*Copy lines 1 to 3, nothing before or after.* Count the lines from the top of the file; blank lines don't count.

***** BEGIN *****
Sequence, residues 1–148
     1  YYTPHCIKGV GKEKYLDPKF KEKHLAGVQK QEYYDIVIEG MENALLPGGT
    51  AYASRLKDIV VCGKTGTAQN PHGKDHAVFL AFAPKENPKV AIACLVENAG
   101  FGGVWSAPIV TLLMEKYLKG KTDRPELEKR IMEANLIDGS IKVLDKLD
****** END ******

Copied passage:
Sequence, residues 1–148
     1  YYTPHCIKGV GKEKYLDPKF KEKHLAGVQK QEYYDIVIEG MENALLPGGT
    51  AYASRLKDIV VCGKTGTAQN PHGKDHAVFL AFAPKENPKV AIACLVENAG